Tunisians emerge from lockdown into mosques and cafes – Metro US

Tunisians emerge from lockdown into mosques and cafes

FILE PHOTO: People leave a train station, as Tunisia relaxes
FILE PHOTO: People leave a train station, as Tunisia relaxes some of its lockdown rules while keeping other restrictions in place, as preventive measures against the spread of the coronavirus disease (COVID-19), in La Marsa near Tunis

TUNIS (Reuters) – Tunisians returned to mosques and cafes on Thursday as the country ended most lockdown restrictions after largely containing the spread of the novel coronavirus for now.

Sitting with friends at the Brazil coffeeshop in the Ibn Khaldoun district of Tunis, schoolteacher Nizar Jamal said he was glad to resume his daily chats with friends.

“We are again breathing the air of life. We missed the smell of coffee a lot,” he said.

Tunisia in March closed its international borders, stopped all movement between towns and cities, shuttered mosques, shops, schools, cafes and restaurants, imposed a nightly curfew and stopped people leaving homes at day for most reasons.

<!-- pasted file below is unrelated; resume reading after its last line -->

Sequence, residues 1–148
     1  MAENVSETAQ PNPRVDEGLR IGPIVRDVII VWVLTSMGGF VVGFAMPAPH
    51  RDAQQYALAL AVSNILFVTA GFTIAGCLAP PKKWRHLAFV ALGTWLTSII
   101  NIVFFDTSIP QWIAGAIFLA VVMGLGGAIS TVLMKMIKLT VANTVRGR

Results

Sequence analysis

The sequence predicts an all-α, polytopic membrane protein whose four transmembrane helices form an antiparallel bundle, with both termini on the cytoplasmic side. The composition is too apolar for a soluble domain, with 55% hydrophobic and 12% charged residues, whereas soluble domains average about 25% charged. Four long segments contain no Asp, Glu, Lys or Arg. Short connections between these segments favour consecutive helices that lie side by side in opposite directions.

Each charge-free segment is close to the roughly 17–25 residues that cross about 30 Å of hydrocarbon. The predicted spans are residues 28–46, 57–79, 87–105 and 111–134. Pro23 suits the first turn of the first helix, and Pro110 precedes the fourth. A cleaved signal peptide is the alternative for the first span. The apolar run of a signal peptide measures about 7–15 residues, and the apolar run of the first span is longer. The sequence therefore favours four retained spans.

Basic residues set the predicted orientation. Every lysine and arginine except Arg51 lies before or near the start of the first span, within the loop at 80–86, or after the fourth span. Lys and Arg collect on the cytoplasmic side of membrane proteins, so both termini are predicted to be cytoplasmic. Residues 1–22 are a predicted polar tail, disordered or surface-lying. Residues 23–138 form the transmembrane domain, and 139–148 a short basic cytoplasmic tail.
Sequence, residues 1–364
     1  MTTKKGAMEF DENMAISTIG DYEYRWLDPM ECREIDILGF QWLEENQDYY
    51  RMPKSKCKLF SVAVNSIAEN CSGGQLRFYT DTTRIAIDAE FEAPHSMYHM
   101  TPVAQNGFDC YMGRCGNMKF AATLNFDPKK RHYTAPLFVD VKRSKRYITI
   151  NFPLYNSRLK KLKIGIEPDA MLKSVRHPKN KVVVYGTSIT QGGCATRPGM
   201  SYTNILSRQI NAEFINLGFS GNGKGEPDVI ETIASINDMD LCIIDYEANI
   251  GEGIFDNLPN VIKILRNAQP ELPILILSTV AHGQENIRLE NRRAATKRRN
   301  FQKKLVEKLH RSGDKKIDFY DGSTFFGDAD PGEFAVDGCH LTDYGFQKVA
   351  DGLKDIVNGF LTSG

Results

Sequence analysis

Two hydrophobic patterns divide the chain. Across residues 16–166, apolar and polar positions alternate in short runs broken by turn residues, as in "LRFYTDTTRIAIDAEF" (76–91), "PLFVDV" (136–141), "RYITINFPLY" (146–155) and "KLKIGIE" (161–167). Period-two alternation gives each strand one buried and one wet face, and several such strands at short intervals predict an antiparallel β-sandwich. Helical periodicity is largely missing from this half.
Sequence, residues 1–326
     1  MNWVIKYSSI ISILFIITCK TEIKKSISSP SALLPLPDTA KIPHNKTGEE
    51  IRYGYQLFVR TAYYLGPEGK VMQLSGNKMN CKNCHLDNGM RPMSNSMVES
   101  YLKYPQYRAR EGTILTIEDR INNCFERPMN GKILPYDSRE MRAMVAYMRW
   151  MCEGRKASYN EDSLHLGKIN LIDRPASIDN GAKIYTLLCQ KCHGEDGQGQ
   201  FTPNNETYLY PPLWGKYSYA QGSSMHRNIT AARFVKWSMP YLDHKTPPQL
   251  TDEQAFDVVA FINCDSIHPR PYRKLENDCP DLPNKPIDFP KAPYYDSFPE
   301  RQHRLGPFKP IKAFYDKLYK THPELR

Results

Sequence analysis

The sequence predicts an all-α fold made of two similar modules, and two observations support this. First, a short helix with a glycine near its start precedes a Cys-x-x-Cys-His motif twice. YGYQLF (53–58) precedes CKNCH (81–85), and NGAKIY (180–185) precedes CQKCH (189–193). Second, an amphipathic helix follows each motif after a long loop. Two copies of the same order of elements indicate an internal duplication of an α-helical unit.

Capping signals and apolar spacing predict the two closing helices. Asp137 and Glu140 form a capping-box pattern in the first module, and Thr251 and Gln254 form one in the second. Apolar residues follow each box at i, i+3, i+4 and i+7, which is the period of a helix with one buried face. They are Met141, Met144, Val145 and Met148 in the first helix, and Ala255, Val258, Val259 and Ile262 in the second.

It has recorded 1,048 cases of the coronavirus and 48 deaths, compared with nearly 10,000 cases in neighbouring Algeria. The only recent cases came from people arriving into quarantine from abroad.

Schools will stay closed to most students until the start of the new academic year in September and the government still restricts social gatherings at homes and urges the wearing of masks. International borders will reopen fully in late June.

In another Tunis district, Menzah 9, a cafe owner who gave only his first name, Mahmoud, said he was relieved to have reopened.

“This cafe provides work for 20 families. We have suffered a lot from stopping work for three months and we hope to make up for it soon,” he said.

Tunisia’s government has announced compensation measures to help businesses and needy families with the economic effects of the lockdown and has agreed a package of financial assistance from the International Monetary Fund.

(Reporting By Tarek Amara; Writing by Angus McDowall; Editing by Alex Richardson)